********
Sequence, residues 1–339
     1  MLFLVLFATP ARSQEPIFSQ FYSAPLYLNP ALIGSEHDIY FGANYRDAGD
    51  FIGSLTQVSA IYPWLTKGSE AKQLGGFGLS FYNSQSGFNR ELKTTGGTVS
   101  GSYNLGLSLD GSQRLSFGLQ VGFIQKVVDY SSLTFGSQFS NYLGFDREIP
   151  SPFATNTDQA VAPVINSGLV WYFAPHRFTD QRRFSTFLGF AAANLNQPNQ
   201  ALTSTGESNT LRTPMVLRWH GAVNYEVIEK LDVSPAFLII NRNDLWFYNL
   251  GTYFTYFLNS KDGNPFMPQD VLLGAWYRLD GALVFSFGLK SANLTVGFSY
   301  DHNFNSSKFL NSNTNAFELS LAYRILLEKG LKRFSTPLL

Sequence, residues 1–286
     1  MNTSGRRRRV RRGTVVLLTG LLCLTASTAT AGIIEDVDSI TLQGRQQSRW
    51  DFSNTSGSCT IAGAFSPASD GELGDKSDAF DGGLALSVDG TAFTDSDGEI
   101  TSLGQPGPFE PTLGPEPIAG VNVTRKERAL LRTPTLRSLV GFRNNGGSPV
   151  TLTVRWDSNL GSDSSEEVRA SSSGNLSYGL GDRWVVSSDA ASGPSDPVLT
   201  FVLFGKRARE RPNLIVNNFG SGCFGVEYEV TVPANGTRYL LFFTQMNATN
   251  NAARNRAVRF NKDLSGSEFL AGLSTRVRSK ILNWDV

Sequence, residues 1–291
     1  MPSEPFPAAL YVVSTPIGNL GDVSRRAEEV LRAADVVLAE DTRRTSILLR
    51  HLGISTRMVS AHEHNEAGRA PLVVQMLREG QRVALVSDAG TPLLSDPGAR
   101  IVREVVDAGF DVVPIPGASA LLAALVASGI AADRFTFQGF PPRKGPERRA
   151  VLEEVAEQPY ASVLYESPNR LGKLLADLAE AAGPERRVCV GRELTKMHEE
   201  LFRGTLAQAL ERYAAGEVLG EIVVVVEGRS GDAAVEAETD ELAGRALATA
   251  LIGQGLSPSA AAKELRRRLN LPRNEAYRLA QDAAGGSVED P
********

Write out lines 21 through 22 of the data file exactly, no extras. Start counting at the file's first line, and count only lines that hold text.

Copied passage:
   201  LFRGTLAQAL ERYAAGEVLG EIVVVVEGRS GDAAVEAETD ELAGRALATA
   251  LIGQGLSPSA AAKELRRRLN LPRNEAYRLA QDAAGGSVED P